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How to use outdoor advertising

Outdoor advertising allows you to make a strong impact with your campaign message. By putting up a huge billboard or bus side from the Campaign Resource Centre website, you will get your message across to a much wider variety of people and give your campaign launch a "wow" factor.

You can download outdoor advertising resources free from the CRC. Find a media planning agency who can work with you on meeting your campaign targets. Small business sites may also give you some more cost-effective advertising. Contact local community areas, buildings or parks for information. Even if a campaign on our website doesn't offer outdoor materials, you could use an A4 or A3 poster outside your local community centre and have a mini outdoor campaign.

What types of outdoor advertising are there?

There are many forms of out-of-home advertising and some you may be familiar with already. If you are thinking of using outdoor advertising however, it is always worth reviewing the different types:

  • Billboards – are the traditional roadside or street-side large poster sites that come in a range of formats such as 6, 48 and 96 sheet billboards. These are quite expensive due to their size.
  • Digital out-of-home – similar to be above but offering a moving, digital opportunity to bring your advertising to the next level.
  • Street signs – is the advertising found on park benches, bus shelters and so on – in fact any large space advertising at street level.
  • Transport – is the outdoor advertising on buses, taxis, at railways and airports or on the underground.
  • Small businesses – are small, built-in poster sites linked to local businesses such as a football ground, council building or community centre.

Things to consider

How do you know if outdoor advertising is right for your campaign? The following questions may help you in deciding whether to choose outdoor advertising.

Do I need to reach a bigger audience with my campaign?

This is a key point to consider. You may already have opportunities to promote your campaign to existing audiences, for example in doctor's surgeries or schools. However, if your goal is to increase your target audience, outdoor is an effective way to reach new people.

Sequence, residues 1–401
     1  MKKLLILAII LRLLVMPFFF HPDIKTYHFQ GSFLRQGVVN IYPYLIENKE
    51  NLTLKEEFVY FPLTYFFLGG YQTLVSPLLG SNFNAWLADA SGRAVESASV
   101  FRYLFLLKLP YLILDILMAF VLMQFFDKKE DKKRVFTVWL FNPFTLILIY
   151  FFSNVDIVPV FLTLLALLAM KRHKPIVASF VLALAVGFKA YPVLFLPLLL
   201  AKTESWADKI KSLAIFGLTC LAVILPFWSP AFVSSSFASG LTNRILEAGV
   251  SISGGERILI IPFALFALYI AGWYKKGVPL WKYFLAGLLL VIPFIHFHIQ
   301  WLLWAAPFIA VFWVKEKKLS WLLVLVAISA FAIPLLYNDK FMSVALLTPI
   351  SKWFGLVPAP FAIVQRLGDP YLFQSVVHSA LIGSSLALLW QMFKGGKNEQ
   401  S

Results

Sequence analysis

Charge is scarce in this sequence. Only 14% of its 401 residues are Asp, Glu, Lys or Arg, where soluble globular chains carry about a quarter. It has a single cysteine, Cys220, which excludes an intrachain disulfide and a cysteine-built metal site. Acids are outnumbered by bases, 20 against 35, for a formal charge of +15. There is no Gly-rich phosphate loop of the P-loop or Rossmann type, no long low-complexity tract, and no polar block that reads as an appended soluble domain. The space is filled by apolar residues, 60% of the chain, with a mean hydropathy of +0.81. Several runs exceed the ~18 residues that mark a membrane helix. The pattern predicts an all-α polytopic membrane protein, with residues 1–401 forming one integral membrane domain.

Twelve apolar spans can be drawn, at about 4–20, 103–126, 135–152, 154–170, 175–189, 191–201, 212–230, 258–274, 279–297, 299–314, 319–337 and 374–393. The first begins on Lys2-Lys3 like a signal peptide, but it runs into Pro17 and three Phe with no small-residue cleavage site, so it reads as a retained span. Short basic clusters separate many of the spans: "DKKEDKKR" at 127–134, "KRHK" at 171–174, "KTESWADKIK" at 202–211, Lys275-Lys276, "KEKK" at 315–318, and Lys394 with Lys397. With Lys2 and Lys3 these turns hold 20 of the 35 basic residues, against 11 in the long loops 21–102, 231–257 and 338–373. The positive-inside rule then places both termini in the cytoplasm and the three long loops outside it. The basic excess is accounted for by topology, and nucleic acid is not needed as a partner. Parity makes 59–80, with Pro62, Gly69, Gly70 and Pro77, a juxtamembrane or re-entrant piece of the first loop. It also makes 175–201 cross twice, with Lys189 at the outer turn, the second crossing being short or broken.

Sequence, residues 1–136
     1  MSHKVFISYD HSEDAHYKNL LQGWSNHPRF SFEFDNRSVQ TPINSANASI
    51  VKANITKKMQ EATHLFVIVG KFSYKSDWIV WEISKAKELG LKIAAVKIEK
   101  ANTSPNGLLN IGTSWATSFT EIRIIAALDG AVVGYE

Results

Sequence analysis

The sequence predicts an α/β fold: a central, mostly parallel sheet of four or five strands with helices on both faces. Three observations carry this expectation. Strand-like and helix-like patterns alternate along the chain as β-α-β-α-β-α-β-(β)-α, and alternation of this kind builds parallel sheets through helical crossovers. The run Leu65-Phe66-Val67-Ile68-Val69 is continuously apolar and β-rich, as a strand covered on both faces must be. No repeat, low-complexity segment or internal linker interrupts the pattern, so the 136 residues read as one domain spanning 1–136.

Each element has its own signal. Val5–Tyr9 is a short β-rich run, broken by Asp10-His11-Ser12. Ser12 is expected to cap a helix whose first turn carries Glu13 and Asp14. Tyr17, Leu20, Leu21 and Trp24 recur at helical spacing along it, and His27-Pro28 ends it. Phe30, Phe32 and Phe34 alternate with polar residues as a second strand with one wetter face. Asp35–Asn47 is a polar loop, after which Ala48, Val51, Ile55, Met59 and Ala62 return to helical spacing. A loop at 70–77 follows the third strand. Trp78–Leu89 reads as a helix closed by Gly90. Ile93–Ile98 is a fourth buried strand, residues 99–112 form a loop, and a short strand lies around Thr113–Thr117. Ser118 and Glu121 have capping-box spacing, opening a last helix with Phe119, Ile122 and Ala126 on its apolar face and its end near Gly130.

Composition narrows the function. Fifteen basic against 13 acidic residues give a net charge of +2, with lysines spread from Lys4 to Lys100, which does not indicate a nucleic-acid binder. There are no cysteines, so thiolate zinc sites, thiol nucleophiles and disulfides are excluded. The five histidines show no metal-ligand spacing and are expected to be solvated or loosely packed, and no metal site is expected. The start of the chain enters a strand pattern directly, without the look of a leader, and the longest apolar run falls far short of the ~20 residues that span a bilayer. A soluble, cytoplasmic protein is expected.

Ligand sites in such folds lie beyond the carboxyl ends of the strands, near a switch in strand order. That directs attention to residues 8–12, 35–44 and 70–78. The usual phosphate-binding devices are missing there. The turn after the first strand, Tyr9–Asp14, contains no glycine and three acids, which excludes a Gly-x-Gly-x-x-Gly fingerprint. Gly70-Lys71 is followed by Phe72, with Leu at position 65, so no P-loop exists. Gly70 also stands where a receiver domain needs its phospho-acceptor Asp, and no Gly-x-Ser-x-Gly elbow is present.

What will it cost?

Outdoor advertising can be more expensive than other media so make sure you are getting the most out of your budget. Think about your Return on Investment (ROI) and what targets you have in mind.

Are outdoor resources always available to me?

The Campaign Resource Centre does not supply outdoor advertising resources for all our campaigns. However, if you have a strong case for wanting a billboard or bus side for your campaign, then please let us know. Any new creative should always have our approval so we will try to work with you to ensure that your campaign is a success.

How do I book outdoor media?

A local media planning agency is the best place to start. They can help you with your budget, timings and deadlines. They can also suggest spaces for you. As with all planning agencies, they will take their fee, so factor that into your campaign costs.

Media planning

One you have chosen your outdoor creative, here's a useful checklist to consider:

  • Where will my outdoor advertising be seen? Is the site you've chosen going to give you the best access to your target audience – or indeed new audiences? How many people are expected to see it? Is it clearly visible in a well-lit, easily seen place with lots of people going past?